Andy Larsen: Damian Lillard’s Miami trade demand is unreasonable

His agent has reportedly called other teams and warned them against trading for the Trailblazers’ star.

(Rick Egan | The Salt Lake Tribune) Portland Trail Blazers guard Damian Lillard (0) lies on the floor after being knocked down, in the Jazz 117-114 win over the Portland Trail Blazers, in NBA action in Salt Lake City, Friday, Feb. 7, 2020.

You just can’t have your cake and eat it too.

You see, Damian Lillard has finally had enough. Every step of his career has been in service of the value of struggle. The 0 on his uniform tells the story of his life — from Oakland, to Ogden, to Oregon — of being an unexpected great. His stay with the Blazers for 11 seasons despite that team’s ups and downs has been about avoiding the “easiest” route. Lillard has been all about overcoming the realities of being a small market’s largest star in the quest for ultimate glory.

Lillard’s not the guy who wants a gifted ‘chip.

But in the end, he’s had enough of new Portland Trail Blazers owner Jody Allen’s strange mix of absenteeism and toxicity, of the front office’s confusing moves, and of a coaching staff that’s generally regarded as one of the worst in the NBA. The Blazers’ org has failed him at even a relatively low bar of support.

And as a result, he’s finally asking out of the situation he’s spent his 11-year NBA career in. You know what? That is very understandable.

The problem, though, is that Lillard holds none of the cards on the table.

At each stage of his career, Lillard has asked for and garnered the maximum extension possible. Even before his rookie deal ended, he signed a 5-year, $125 million extension in 2015. While that contract had two years remaining on it, he signed a further 4-year, $191 million extension.

The 2022 extension is the most remarkable one. While he still had three years left on that last extension, he lobbied the Blazers for and received an extra two years added on, representing his age 35 and 36 seasons, for a maximum $122 million. The Blazers agreed to Lillard’s ask, though they were initially reluctant. Paying any large amount, let alone the largest in NBA history, for a guard in their mid to late-30s has traditionally proven not to be a prudent financial move.

They did it anyway.

It makes sense that Lillard would want to get all of this financial security. $61 million per season is a huge number — the highest annual amount in a contract signed in NBA history. Lillard will make at least $400 million in his career, even ignoring his $100 million shoe deal with Adidas. This will provide for his children, his children’s children, and so on down the line. Knowing Lillard, it will pay for some great community projects as well.

But in return for that literally unprecedented financial security, Lillard gave up his leverage. Under the terms of NBA contracts, he now has to play for the team that gave him all that money — unless he can convince them otherwise.

His current tactic, though, simply isn’t very persuasive. Right now, Lillard is telling the Blazers that he only wants to go to one team: the NBA Finalist Miami Heat. In fact, his agent, Aaron Goodwin, has been “calling prospective trade partners (other than Miami) and warning against trading for his client,” ESPN reported. Goodwin confirmed the report.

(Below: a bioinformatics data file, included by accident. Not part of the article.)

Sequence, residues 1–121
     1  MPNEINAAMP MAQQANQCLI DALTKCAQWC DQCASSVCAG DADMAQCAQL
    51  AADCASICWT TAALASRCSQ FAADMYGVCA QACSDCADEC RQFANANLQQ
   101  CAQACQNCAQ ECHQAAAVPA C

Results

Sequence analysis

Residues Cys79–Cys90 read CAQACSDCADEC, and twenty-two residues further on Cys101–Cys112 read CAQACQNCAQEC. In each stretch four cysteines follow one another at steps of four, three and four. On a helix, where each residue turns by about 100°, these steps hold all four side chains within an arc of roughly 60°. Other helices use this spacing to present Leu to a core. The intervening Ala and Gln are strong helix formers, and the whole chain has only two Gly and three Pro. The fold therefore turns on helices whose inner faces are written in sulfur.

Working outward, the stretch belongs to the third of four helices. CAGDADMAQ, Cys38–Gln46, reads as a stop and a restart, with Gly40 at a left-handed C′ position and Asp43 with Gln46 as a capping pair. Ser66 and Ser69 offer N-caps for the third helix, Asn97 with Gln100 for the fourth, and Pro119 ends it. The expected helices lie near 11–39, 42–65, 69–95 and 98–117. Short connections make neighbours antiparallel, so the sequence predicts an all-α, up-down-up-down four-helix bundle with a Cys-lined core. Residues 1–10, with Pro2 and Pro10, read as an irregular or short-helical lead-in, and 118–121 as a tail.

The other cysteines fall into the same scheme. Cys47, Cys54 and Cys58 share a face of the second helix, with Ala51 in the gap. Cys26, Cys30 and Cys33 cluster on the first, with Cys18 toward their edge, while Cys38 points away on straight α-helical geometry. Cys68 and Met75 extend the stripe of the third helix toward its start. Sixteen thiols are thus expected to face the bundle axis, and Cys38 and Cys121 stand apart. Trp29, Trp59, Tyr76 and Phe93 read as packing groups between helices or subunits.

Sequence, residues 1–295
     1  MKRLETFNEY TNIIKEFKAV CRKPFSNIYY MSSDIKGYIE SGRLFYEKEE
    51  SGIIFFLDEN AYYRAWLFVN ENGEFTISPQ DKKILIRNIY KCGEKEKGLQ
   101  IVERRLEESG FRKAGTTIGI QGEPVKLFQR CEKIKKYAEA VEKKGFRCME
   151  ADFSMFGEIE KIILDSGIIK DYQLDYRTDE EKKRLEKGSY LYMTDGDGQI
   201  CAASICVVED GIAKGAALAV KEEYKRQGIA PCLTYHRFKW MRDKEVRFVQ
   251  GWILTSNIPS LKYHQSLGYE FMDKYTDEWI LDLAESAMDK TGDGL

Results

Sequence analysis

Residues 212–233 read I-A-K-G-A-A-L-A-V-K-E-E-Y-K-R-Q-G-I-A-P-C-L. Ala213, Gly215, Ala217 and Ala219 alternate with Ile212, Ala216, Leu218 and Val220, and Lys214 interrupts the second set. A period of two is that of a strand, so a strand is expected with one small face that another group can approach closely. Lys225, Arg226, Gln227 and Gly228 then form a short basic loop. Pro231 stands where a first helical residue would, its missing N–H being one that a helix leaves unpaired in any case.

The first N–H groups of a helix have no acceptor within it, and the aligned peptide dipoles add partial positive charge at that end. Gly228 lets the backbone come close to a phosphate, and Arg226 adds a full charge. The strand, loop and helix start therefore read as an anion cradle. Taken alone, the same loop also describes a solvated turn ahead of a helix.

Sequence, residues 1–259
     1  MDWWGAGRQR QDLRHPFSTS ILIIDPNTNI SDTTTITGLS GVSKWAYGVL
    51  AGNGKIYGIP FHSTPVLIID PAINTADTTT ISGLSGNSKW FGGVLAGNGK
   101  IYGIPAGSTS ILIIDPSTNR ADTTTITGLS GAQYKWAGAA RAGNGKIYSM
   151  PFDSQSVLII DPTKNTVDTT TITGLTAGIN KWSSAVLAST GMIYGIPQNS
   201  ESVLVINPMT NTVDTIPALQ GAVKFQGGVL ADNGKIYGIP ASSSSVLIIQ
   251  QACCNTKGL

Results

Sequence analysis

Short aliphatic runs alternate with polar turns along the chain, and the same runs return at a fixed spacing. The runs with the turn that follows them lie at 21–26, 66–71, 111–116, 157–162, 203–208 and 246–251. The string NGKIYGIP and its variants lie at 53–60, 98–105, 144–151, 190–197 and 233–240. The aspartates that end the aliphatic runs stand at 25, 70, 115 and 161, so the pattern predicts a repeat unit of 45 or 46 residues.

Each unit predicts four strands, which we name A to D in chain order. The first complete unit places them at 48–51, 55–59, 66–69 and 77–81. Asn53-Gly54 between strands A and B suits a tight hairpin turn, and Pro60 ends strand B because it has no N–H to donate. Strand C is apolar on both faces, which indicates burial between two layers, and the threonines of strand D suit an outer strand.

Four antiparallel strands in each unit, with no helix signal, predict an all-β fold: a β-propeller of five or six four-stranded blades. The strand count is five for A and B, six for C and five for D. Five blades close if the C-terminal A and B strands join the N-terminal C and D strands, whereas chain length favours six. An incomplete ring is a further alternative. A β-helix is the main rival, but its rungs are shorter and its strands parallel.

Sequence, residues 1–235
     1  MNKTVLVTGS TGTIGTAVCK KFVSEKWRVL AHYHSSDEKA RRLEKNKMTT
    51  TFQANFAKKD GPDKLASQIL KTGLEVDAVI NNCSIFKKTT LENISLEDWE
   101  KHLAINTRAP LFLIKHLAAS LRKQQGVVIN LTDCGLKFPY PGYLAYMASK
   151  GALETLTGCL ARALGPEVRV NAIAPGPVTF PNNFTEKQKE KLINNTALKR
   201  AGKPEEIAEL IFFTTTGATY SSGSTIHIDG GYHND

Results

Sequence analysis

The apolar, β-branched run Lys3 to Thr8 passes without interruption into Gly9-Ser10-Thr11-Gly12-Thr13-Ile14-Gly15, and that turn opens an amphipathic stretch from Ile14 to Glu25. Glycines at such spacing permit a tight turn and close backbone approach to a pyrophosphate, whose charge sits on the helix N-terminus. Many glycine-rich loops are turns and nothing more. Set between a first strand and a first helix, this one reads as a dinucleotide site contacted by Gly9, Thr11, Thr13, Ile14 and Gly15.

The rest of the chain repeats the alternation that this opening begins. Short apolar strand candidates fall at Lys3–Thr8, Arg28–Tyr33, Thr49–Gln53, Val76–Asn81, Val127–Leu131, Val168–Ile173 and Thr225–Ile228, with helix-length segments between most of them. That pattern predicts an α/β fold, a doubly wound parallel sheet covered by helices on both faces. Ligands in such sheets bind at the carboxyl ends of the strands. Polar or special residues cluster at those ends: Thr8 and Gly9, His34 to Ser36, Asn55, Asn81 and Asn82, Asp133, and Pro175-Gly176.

“Goodwin is telling organizations outside of Miami that trading for Lillard is trading for an unhappy player,” ESPN reported. In other words, Lillard’s representation is threatening a bad locker room culture to any team other than Miami that trades for him.

It’s worth noting here, too, that Miami’s potential package for Lillard is simply not ideal for the Blazers. They have one significant promising young player they’re willing to trade: Tyler Herro, who plays the same position as Portland’s young star, Anfernee Simons. Beyond that, the Heat have just two future first-rounders to trade, and not until 2028 and 2030. Other youngsters, like Nikola Jovic and Jaime Jaquez, are late first-rounders statistically unlikely to hit. In truth, nearly any team in the league could beat Miami’s offerings here (including Utah, yes, but everyone else, too).

And so it’s here where Lillard crosses the line from reasonable to unreasonable. Lillard could have done any of the below:

• He could have chosen not to extend his contract, just as other stars have done, to become a free agent.

• He could have signed shorter yearly extensions, like LeBron James once did, to maintain maximum leverage over his future.

• He could have negotiated a no-trade clause with Portland, as Bradley Beal did, in order to control his future.

• He could have given Portland a list of multiple preferred trade locations, as Kyrie Irving or Kevin Durant did, so that their teams might be able to consummate a deal giving them a fair return, making the situation a win-win.

Lillard chose none of those. Instead, he chose, in 2022, while of sound mind, to sign a contract giving up his contractual freedom in exchange for the biggest bag in NBA history. He cannot have done both that and act like he’s a free agent and choose his single preferred location.

The Blazers presumably know this, so too does Goodwin. He, as he said, is doing “what I should for my client.” He’s trying to make leverage out of thin air, through bluff and bluster. But that’s all this is.

In the end, the Blazers should choose Damian Lillard’s next destination. After all, Lillard gave them that right 11 months ago.